Another ceremony Boswell cites as "evidence" describes in great detail the bond of same-gender unity -- and the kind of love -- being recognized. At one point this "love" is pointedly described as being of the sort that saved Lot from the Sodomites (see The Holy Bible, Genesis 19) -- a highly unlikely mention if the love being spoken of were designed to sanction the physical union of "sodomy" itself. In fact, to any reasonable reader, this reference seems to be sending a clear and unmistakable signal that the kind of relationship being described was categorically non-homosexual.

(In a footnote (p. 293), Boswell says of "sodomy": "Not understood by Jews or Christians of the Middle Ages as a reference to homosexual love" -- another highly dubious assertion in light of Christian orthodox theology of the times.)

Still another ceremony recognizing same-sex unions Boswell cites states that the individuals to be united will be joined "not by nature but by faith." This also is clear "code language" leaving no doubt that the relationship being celebrated was spiritually, not physically, based.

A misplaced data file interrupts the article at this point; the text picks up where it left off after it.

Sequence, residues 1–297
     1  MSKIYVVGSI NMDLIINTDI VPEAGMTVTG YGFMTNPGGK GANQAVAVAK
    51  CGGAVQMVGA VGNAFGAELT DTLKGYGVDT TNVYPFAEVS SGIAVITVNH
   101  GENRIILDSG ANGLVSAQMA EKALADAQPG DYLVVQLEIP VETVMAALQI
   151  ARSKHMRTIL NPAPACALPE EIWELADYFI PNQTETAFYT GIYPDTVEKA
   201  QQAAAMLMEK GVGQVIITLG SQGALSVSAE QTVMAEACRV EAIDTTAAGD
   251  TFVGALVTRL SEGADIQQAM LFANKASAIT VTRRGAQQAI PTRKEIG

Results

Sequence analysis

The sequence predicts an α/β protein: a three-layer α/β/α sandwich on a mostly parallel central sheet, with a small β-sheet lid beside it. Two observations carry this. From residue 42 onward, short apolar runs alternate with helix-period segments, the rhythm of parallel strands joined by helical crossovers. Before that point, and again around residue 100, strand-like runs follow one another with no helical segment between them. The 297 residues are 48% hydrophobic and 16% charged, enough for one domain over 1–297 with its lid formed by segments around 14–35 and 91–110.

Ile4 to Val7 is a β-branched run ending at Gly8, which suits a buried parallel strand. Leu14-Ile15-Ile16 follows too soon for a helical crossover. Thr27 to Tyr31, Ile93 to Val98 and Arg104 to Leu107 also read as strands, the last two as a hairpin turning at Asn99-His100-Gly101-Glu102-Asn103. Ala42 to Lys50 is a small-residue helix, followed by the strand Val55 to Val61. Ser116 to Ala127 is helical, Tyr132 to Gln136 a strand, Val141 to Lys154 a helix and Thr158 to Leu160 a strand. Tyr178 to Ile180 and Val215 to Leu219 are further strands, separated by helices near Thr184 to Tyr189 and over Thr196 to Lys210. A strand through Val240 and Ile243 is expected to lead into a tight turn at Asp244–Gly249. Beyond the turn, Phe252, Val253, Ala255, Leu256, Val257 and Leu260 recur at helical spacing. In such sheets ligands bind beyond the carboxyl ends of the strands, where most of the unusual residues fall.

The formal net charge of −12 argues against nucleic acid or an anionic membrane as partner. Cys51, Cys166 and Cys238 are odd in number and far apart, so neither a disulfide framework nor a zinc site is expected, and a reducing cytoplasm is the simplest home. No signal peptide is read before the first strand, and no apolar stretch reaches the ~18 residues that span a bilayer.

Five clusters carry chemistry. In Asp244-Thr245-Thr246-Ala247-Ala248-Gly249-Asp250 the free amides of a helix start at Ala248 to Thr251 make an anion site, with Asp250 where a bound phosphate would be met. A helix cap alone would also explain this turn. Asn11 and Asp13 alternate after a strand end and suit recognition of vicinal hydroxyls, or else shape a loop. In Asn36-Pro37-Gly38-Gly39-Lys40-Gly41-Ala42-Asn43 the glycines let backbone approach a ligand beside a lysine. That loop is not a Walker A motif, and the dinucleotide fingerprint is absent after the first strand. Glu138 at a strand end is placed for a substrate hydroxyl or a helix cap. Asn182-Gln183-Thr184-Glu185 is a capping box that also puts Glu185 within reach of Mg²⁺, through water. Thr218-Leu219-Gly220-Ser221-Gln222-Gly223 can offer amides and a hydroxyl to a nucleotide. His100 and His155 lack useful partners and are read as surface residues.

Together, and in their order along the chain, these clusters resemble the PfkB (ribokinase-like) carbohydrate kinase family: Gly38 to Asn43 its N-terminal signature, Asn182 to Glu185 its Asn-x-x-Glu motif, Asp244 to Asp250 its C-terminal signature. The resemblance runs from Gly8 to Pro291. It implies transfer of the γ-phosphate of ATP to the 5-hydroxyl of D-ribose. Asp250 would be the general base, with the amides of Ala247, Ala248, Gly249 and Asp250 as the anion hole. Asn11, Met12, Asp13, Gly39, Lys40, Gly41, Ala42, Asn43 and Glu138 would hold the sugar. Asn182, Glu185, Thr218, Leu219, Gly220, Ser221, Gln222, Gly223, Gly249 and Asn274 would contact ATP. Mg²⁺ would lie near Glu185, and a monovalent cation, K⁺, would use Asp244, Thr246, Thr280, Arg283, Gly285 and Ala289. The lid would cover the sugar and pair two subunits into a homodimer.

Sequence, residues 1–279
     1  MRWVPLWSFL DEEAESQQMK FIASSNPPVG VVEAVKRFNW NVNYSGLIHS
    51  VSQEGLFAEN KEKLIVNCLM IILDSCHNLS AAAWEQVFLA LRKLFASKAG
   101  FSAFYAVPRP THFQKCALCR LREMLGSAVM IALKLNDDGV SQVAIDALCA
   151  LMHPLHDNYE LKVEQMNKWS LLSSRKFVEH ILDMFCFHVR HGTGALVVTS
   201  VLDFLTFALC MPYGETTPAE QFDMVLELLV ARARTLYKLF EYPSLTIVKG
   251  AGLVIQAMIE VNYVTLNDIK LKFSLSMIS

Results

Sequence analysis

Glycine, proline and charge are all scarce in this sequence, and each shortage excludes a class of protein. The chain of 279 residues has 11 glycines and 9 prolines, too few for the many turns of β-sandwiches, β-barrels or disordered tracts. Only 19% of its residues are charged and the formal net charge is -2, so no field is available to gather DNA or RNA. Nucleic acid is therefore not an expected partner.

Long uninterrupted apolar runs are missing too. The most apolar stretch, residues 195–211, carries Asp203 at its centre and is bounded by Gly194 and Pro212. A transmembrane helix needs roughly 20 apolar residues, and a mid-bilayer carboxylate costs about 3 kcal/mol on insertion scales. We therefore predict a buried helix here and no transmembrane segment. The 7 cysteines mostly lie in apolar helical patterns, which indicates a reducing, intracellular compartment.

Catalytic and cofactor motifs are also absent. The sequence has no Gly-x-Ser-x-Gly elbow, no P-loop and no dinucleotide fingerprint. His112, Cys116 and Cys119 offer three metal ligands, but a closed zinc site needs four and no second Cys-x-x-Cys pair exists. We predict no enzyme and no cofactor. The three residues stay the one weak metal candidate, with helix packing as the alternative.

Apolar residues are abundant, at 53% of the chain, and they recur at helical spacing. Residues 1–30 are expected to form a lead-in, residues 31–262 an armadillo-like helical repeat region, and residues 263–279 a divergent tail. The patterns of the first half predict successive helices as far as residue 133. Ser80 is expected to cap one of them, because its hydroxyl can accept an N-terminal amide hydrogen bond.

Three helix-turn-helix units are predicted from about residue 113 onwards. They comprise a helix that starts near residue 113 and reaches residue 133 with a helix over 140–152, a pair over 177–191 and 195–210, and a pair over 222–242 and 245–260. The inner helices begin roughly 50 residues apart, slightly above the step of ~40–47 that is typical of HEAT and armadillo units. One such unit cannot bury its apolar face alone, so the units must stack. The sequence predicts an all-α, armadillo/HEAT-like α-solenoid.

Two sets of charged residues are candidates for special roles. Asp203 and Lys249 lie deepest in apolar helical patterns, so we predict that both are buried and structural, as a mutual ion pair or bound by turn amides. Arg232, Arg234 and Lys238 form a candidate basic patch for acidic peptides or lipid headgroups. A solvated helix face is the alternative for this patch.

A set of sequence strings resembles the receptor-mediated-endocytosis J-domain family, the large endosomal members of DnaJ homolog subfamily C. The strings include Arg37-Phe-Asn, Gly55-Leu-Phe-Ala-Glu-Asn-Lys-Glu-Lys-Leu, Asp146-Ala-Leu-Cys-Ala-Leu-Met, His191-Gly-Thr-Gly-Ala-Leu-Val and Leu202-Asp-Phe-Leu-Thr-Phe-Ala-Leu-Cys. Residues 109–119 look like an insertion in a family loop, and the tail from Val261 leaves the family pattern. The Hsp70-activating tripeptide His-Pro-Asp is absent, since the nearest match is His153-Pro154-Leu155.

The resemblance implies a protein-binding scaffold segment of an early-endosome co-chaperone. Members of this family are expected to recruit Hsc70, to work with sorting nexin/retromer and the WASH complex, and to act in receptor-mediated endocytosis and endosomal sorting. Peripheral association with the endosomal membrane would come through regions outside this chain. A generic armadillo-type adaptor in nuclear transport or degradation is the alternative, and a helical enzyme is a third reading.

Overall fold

Boswell cites several contemporary Premodern European marriage ceremonies, attempting to "prove" similarities between the same-gender-union ceremonies he has described earlier. However, close comparison of these types of ceremonies reveals that (1) no same-sex union is ever referred to as a "marriage"; (2) no documentation evidently exists supporting the notion that the Churches ever recognized female same-gender unions -- documentation one might expect to discover if the Churches were indeed inclined to smile upon same-gender, marriage-equivalent sexual relationships.